Breakfast links: Ups and downs
Raise the height in places: BeyondDC responds to the suggestion from Matt Yglesias and Ryan Avent that Washington raise its height limit. The limit should be increased strategically, but not raised citywide, or removed altogether.
Metrobus ridership down, rail ridership up: July and August saw declines in Metrobus ridership and slight increases in rail ridership. Metro's CFO says the decline is caused by the bad economy and unemployment, not the fare increases. Never mind that fare increases are more difficult to afford when unemployed in a bad economy. (Examiner)
Exurban write-downs: Even when the economy recovers, many exuburban houses will never regain their lost value. Lenders need to face this fact, argues TNR. (Eric Fidler)
Where are the food deserts?: A new study conducted with The Reinvestment Fund confirms what many of us already suspected: Wards 7 and 8 are food deserts. The study incorporated not only distance to groceries but also socioeconomic factors that affect mobility and access. (TNR, charlie)
Phase I of Moynihan Station starts: Ray LaHood joined New York lawmakers to break ground on the first phase of Penn Station's expansion into the Farley Post Office across the street. (Post, Cavan) ... Chris Christie is likely to kill the ARC tunnel Friday unless a government besides New Jersey offers to cover any cost overruns. (Second Ave. Sagas)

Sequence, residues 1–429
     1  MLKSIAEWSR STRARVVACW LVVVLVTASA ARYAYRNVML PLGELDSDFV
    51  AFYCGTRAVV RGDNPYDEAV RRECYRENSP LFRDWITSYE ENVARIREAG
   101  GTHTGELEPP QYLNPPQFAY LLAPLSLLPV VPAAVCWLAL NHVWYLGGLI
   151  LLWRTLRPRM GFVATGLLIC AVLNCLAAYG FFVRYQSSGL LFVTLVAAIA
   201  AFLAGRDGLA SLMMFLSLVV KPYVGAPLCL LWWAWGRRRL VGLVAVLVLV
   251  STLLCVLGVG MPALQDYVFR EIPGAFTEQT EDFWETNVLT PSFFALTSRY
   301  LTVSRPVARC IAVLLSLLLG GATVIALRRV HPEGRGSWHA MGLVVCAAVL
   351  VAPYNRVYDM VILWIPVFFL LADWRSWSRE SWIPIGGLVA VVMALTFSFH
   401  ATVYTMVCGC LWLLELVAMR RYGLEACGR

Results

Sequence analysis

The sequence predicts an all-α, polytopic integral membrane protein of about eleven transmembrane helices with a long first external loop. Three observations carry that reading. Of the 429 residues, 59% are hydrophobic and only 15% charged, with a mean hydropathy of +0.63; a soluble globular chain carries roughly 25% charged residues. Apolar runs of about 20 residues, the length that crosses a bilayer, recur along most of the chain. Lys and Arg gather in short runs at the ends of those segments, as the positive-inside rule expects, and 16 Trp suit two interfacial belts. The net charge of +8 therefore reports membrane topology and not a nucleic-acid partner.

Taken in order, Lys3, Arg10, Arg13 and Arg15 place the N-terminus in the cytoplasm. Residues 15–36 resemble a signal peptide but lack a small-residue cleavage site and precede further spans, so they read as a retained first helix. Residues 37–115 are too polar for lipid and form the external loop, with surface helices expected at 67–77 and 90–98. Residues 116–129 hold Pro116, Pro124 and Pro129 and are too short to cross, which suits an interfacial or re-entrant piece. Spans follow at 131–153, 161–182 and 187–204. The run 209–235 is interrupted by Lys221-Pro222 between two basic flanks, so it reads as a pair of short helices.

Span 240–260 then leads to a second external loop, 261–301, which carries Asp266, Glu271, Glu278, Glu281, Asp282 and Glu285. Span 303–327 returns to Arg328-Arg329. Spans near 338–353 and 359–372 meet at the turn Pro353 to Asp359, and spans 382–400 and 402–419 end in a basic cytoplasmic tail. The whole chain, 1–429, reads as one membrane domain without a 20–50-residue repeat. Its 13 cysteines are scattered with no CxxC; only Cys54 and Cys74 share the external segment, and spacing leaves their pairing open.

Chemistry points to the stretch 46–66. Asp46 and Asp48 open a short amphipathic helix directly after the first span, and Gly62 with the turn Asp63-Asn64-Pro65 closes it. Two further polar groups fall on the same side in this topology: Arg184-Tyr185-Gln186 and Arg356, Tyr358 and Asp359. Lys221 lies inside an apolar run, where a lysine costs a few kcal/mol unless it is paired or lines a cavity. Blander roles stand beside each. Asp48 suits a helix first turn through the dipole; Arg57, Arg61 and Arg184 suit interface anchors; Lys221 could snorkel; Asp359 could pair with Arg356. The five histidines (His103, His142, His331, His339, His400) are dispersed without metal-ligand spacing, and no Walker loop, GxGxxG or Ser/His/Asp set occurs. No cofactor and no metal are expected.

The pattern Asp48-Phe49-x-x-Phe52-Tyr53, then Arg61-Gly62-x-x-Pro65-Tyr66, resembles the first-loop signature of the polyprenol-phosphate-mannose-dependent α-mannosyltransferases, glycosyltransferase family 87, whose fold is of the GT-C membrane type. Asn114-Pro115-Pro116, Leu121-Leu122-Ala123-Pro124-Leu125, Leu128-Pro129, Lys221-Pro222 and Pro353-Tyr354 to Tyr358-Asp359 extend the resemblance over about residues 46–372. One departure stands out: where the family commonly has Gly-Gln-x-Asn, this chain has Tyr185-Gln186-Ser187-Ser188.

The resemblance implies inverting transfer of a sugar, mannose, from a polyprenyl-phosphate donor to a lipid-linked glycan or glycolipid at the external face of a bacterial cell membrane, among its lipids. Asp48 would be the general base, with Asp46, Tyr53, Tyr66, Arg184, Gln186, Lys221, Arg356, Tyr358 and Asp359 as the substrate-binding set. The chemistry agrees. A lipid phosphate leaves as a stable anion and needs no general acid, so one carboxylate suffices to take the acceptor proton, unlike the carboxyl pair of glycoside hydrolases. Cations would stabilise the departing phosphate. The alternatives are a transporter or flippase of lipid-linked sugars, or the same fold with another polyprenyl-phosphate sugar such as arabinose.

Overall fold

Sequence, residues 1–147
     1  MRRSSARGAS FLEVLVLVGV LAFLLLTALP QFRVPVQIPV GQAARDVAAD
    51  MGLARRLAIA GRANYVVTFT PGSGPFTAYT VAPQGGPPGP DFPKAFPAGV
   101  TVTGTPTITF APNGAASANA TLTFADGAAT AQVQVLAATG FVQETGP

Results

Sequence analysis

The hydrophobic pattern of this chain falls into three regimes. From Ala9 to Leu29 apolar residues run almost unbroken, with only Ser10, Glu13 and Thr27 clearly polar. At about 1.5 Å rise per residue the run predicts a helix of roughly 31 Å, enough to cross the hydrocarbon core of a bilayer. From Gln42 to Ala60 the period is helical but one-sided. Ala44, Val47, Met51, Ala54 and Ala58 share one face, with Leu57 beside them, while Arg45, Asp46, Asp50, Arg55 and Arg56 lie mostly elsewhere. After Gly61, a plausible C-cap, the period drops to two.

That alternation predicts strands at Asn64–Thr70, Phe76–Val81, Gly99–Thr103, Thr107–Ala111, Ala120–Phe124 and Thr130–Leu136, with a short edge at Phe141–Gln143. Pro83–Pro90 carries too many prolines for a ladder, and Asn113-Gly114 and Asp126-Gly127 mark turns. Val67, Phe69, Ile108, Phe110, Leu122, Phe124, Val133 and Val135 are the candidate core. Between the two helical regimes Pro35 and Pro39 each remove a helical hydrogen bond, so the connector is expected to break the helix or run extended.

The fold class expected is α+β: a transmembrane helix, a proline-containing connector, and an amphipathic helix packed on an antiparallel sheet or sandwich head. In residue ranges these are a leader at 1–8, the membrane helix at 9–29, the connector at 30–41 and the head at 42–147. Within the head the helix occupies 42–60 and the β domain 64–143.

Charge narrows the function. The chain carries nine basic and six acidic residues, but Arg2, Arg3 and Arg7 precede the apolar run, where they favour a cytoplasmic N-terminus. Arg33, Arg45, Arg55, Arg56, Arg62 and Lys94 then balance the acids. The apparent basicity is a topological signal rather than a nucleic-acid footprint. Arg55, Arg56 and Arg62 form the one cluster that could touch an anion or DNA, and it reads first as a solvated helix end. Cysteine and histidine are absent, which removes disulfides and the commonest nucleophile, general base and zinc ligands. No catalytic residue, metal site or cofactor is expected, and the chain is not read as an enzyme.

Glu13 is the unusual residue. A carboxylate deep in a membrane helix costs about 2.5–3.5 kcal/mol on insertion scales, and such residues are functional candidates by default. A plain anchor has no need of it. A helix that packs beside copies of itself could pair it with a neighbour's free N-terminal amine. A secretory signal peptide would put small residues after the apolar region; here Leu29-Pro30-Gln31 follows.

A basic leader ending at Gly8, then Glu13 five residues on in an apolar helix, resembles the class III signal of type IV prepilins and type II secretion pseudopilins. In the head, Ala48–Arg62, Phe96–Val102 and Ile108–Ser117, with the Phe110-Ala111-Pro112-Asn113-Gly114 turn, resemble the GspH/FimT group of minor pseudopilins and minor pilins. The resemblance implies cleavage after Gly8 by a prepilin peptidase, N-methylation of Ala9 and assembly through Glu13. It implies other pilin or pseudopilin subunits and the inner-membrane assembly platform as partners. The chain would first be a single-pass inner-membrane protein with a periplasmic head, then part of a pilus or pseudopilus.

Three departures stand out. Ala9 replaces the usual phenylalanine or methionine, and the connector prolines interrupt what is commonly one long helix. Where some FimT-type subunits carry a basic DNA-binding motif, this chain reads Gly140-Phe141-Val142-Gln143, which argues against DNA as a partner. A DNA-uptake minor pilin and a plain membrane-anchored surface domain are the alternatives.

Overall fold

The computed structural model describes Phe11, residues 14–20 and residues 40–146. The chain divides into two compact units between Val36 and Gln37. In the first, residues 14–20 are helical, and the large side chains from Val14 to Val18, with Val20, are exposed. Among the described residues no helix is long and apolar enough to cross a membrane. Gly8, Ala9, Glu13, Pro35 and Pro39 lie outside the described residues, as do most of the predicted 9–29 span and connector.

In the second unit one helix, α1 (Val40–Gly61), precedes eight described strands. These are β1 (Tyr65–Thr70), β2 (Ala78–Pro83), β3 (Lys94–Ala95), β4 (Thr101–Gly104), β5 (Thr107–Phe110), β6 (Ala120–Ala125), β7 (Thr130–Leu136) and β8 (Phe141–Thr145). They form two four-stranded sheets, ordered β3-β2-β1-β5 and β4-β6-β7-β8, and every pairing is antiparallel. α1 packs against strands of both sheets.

Don't walk to school: School administrators and city officials in Laguna Beach, California acknowledge that their infrastructure endangers pedestrians, but rather than remedy it, they simply refuse to endorse or promote children walking to school. (Switchboard)
And...: Abu Dhabi owns Chicago's parking meters (Atlantic, charlie) ... You've heard of elevator music, well, Rosslyn makes escalator music (Ode Street Tribune) ... Michelle Rhee got a job offer to be state education head in New Jersey. (Post)Have a tip for the links? Submit it here.
- DC has almost no white residents without college degrees. (It's a different story for black residents.)
- What's so great about the Purple Line, anyway?
- I don't care what some people say: DC has great transportation options.
- The biggest beneficiaries of housing subsidies? The wealthy.
- Clearly we need to have more happy hours in Prince George's
- Does DC want boring architecture? Sort of.
- Metro badly needs culture change, everyone agrees. Can it pull it off?